Full-year results time is rapidly approaching at Wey Education, the highly successful B2B and B2C education company delivering live online lessons to 8-21 year olds. Their 2018 and 2019 results were issued on 29th October and 11th November respectively, both Mondays, leaving 9th November probably the most likely date.
The critical figures were already detailed in the latest Trading Statement which was delivered promptly as the vast majority of their teaching finished for the year back in July.
Trading has continued to be very positive since the publication of the group’s interim announcement in May and is in excess of expectations. Group turnover is expected to be in excess of £8m for the financial year ending on August 31, 2020, an anticipated growth of in excess of 30% from the previous year.
Group Profit Before Tax (after adjusting for share based payments and amortisation of acquired intangibles) is expected to exceed market expectations of £0.5m (2019:(£0.6m Loss)).
This particular definition of Adjusted Group Profit Before Tax has not been used by the company before and the claimed £0.6m loss for 2019 appears nowhere in published results. 2019 was a messy year with exceptional restructuring costs and losses from ongoing operations. Adjusting these out PBT was in fact +£0.3m on the basis given.
For a company with gross margins of over 60% that has increased revenue by over £2m, an increase in profitability of merely £0.2m appears strange. However, Wey has repeatedly made it clear that admin costs would rise as they bolstered the board with Directors of Education and of Marketing, and due to increased spend on both their offering and marketing.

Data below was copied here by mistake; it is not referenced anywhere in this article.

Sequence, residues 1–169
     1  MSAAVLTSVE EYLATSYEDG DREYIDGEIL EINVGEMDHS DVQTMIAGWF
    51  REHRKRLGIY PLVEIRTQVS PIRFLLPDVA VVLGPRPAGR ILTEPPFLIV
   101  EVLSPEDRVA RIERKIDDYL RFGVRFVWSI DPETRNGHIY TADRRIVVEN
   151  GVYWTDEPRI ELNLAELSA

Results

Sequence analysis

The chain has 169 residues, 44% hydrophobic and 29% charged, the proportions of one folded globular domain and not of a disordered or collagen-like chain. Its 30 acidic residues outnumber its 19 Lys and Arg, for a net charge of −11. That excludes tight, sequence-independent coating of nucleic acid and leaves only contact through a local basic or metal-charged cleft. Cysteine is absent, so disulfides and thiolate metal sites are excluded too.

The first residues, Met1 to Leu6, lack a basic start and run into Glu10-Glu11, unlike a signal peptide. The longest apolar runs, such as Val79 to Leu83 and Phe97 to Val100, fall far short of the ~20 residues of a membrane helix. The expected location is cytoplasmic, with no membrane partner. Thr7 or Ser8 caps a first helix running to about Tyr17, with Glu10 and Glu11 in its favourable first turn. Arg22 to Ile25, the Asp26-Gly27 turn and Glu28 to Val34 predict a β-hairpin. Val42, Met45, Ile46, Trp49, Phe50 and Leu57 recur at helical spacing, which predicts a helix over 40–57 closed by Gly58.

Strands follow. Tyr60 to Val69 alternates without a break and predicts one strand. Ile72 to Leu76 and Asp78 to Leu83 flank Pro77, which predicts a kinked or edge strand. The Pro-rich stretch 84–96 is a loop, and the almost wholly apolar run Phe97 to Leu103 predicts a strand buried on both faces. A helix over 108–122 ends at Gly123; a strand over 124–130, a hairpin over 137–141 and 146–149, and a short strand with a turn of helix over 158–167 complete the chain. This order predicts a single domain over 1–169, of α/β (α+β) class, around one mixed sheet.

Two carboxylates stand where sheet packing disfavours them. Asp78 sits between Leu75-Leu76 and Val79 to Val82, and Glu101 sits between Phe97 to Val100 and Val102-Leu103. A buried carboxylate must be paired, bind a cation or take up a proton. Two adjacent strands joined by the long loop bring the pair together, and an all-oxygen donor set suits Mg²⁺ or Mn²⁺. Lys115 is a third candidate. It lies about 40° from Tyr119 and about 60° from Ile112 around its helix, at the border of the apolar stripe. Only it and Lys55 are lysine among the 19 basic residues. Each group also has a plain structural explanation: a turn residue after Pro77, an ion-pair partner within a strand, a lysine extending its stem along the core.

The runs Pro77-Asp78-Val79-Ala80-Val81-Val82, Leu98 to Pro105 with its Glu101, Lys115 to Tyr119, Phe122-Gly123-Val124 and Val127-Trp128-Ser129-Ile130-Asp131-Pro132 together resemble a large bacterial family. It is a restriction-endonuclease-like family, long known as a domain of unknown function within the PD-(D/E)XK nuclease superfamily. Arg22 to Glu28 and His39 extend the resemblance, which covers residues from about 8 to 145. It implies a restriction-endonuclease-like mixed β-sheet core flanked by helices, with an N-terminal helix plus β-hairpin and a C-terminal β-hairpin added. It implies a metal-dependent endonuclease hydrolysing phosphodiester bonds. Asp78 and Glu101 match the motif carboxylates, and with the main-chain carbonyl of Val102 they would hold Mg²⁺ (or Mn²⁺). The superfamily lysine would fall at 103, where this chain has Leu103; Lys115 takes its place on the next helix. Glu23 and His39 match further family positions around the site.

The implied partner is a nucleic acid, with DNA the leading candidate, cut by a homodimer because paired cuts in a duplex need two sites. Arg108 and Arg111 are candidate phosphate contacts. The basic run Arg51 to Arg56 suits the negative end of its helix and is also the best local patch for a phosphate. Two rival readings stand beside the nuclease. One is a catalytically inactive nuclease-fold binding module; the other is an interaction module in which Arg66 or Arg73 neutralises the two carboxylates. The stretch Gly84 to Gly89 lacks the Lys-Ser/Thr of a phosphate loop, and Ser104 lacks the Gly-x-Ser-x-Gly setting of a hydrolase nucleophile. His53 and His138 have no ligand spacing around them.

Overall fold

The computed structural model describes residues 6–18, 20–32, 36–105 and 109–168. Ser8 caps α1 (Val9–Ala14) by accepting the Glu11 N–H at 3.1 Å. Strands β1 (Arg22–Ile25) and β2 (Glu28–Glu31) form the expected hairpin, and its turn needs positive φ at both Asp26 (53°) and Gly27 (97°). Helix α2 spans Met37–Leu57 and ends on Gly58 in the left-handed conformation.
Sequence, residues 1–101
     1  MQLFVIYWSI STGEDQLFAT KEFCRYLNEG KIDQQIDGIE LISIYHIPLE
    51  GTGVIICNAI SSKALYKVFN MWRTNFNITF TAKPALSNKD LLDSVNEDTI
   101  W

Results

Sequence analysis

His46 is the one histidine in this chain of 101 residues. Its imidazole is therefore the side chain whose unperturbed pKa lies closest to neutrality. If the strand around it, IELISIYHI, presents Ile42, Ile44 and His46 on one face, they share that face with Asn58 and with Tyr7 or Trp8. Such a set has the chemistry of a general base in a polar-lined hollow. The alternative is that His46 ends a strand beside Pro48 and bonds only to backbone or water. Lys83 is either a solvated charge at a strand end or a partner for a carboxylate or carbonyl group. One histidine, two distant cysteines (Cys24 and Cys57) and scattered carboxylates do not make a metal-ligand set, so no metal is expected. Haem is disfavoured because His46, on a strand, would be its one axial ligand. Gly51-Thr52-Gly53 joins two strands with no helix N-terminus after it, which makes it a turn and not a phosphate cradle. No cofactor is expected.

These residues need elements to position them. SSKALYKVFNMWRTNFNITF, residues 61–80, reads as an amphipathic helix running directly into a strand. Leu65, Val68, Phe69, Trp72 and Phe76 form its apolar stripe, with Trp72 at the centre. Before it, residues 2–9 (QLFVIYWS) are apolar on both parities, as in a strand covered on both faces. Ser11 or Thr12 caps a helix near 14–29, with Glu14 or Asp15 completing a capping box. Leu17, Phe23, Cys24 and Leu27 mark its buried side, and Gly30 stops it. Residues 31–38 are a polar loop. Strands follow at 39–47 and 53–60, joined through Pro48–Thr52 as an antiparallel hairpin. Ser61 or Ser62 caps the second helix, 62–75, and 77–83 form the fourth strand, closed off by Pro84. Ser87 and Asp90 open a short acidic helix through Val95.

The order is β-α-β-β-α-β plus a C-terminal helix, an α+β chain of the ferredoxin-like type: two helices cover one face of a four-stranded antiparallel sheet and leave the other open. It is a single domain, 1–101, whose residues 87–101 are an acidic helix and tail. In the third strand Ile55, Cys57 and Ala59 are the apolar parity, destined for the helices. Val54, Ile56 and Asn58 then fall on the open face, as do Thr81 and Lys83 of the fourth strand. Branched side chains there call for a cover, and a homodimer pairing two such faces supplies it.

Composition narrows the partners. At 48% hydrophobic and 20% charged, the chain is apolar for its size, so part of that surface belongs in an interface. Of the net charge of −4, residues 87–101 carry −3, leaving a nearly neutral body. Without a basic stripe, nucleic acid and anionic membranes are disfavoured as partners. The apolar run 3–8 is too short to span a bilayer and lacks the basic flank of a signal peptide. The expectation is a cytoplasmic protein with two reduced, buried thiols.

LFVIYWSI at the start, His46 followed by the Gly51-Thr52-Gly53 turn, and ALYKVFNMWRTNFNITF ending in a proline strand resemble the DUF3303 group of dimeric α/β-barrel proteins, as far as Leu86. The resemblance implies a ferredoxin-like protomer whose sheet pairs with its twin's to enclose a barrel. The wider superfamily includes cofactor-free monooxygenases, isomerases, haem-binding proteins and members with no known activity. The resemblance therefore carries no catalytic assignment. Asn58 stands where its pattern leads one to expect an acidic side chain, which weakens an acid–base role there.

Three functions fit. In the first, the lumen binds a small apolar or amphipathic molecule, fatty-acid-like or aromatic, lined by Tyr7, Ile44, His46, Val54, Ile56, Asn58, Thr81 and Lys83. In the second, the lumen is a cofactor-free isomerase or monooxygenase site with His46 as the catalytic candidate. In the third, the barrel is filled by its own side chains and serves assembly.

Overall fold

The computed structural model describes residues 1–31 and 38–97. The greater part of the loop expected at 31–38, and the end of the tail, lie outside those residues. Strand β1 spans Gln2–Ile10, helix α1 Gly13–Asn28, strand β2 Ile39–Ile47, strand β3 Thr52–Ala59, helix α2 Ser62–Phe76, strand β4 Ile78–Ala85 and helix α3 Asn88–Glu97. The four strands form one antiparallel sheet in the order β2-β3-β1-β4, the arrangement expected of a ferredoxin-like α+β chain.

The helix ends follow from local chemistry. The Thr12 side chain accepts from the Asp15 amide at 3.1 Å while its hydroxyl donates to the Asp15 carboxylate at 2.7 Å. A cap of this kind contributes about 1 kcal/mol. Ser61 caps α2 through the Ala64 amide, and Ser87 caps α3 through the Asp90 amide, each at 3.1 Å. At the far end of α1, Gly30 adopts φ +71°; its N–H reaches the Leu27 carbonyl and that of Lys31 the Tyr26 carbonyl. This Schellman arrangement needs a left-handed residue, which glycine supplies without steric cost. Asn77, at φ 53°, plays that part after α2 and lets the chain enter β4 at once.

WH Ireland interpreted the last trading update as indicating £8.1m revenue and an adjusted EPS of 0.4p. Incidentally, as Wey are not a serial acquirer and because the goodwill value of InterHigh and Academy21 businesses have most certainly not decreased since acquisition, adjusting out amortisation of intangibles should not be controversial.
Things to watch
Wey don’t break down figures between their principal InterHigh and Academy21 divisions, leaving investors waiting for the subsidiary accounts to be published, but they often give some indication of relative strength. At H1 they indicated both had grown equally. If Academy21 suffered in H2 from their main end-customer (UK schools) being closed then to make up the numbers InterHigh must have continued its fairly spectacular growth from H1. This would be a positive because 2020/21 revenues will partly depend on InterHigh pupils continuing from 2019/20 whereas Academy21 is more easily able to bounce back.
As I said earlier, the timing of the last update was good as it came as soon as the vast majority of revenues were known. However this year they received funding to create an online summer school and this was delivered to an unknown number of students at around £400 / time. Conceivably this could account for another £100k of turnover leading to a small revenue beat. They are also likely to have benefited from an exceptional level of exam fees as some local centres refused to process InterHigh’s grade assessments.
Share-based compensation is likely to be much higher than in recent years due to the strength of the share price. These costs are real and significant, but it is reasonable to adjust them out for year-on-year comparisons.
There may be news on Wey’s “Teaching Online” qualification and/or progress of the B2B side of InterHigh, consisting of sales to private schools, sports academies and the like.
There is an outside chance of some management change as the CEO (and founder of the operating businesses) appears to have been taking a back seat at recent shareholder meetings.
This may also be the moment that the estate of the late executive chairman David Massie choose to divest some of their 15% stake, hopefully to a supportive institution.
FY 2021 Outlook
Judging by the level of staff recruitment, website activity and updated figures on home schooling, all indications are that InterHigh student numbers are exceptionally strong, with this article putting current numbers at 3,000, versus 1,700 disclosed in an open day in late January and my estimate of under 1500 this time last year.